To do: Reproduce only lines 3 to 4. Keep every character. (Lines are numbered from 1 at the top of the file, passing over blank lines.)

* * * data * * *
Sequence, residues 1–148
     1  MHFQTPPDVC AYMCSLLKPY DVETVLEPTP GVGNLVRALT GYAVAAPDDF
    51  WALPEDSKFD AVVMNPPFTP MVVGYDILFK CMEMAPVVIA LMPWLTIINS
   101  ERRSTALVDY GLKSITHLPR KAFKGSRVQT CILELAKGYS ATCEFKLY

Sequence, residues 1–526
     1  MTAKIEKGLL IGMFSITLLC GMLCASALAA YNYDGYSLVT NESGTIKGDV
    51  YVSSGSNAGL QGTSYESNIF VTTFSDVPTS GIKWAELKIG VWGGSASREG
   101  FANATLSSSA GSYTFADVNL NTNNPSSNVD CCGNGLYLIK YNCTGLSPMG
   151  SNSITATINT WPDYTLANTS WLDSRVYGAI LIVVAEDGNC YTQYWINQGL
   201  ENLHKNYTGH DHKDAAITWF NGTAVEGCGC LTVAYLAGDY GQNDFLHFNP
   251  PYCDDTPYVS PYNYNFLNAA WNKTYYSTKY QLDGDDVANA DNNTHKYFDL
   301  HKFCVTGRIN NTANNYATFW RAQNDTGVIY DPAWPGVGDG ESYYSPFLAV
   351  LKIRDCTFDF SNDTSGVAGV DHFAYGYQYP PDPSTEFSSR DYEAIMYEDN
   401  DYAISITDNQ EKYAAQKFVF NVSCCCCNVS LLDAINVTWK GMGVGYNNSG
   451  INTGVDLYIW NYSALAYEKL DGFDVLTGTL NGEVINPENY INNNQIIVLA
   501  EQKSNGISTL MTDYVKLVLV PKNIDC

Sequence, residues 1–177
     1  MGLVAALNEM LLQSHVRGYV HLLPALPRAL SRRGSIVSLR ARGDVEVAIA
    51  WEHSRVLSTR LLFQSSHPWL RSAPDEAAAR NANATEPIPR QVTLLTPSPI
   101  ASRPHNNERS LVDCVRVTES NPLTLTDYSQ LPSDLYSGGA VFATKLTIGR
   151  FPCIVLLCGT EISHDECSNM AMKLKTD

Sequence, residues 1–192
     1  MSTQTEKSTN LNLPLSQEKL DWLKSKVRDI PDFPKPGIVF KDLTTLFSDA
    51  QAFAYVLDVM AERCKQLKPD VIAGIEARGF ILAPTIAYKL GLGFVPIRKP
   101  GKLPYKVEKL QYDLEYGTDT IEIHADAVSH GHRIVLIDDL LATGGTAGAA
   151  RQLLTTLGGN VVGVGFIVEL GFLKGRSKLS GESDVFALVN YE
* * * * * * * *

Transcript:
    51  WALPEDSKFD AVVMNPPFTP MVVGYDILFK CMEMAPVVIA LMPWLTIINS
   101  ERRSTALVDY GLKSITHLPR KAFKGSRVQT CILELAKGYS ATCEFKLY